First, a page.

Transitory Optimism: Changes in Passenger Perception Following Bus Service Improvement over Time
place - north america, mode - bus, ridership - perceptions, technology - passenger information, technology - automatic vehicle monitoring, planning - service quality, planning - surveys, operations - scheduling
transit, service quality, user perceptions, stop-level data, satisfaction, automated vehicle location, automatic passenger count systems
Passengers' perception and satisfaction have long been seen and used as important measures of transit service quality and attractiveness. This research tried to understand better transit passengers' perception of the implementation of various improvement strategies in bus service over time. The study analyzed three surveys of bus user perceptions conducted over a period of 3 years. The study also used stop-level data collected from the Société de Transport de Montréal's automated vehicle location and automatic passenger count systems and bus schedules in Montreal, Canada, to measure the actual changes in service. Descriptive statistics and regression models were used for a better understanding of the differences between perceptions and reality. The implementation of various strategies had a limited impact on the short-term overestimation by users of their waiting time benefits, whereas the implementation had a long-term impact on their travel time overestimation. This study can be of interest to marketing and planning departments at transit agencies, because it provides them with new insights into passengers' perception and satisfaction.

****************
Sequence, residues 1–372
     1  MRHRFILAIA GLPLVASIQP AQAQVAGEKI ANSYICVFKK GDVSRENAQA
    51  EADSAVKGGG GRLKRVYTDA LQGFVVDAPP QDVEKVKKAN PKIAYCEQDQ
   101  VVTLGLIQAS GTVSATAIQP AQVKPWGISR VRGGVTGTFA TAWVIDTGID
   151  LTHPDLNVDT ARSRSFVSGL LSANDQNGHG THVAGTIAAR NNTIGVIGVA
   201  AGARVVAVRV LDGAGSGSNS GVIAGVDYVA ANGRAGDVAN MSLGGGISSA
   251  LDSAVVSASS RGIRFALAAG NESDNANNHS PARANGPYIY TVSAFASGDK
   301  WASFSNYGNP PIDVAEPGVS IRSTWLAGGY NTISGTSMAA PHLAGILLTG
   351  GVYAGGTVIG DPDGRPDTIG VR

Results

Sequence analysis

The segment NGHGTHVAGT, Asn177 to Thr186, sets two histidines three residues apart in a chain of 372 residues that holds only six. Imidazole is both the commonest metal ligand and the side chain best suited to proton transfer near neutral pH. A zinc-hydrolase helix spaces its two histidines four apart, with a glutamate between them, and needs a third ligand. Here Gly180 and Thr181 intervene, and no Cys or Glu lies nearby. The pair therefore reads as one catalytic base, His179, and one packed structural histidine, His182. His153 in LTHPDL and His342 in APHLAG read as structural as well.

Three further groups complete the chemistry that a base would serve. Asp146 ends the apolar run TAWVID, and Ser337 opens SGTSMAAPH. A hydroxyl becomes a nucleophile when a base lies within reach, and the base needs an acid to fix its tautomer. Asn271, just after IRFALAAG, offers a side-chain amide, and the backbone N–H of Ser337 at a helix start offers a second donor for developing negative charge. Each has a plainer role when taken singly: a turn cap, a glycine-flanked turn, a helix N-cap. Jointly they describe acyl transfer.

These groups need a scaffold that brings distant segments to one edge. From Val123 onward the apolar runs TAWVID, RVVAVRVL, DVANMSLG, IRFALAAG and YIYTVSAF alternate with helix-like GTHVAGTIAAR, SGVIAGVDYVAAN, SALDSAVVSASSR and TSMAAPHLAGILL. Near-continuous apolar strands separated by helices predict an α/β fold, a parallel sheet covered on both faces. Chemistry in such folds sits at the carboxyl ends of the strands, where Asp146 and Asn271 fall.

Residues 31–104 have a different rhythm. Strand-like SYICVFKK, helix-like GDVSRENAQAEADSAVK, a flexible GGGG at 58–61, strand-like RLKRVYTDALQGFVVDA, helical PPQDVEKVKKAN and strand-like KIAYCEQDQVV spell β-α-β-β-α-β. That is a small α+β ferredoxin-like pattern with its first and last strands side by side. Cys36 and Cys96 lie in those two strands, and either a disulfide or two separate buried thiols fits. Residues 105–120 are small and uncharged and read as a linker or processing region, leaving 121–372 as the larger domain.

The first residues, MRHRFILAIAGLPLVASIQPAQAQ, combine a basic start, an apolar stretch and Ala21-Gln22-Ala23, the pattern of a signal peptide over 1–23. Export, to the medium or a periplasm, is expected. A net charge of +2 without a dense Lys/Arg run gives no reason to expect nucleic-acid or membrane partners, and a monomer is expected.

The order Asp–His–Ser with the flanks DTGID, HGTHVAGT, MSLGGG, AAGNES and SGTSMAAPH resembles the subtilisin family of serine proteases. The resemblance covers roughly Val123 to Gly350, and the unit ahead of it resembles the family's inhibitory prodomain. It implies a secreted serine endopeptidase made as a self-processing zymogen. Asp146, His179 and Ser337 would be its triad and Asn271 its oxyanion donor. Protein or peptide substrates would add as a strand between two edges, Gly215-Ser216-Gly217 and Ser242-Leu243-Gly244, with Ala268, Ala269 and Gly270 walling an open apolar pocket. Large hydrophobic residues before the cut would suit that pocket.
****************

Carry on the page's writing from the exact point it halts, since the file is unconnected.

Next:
Permission to publish the abstract has been given by Transportation Research Board, Washington, copyright remains with them.
Diab, E.I. & El-Geneidy, A.M. (2014). Transitory Optimism: Changes in Passenger Perception Following Bus Service Improvement over Time. Transportation Research Record: Journal of the Transportation Research Board, Volume 2415 / Transit 2014, Vol. 1, pp.97-106.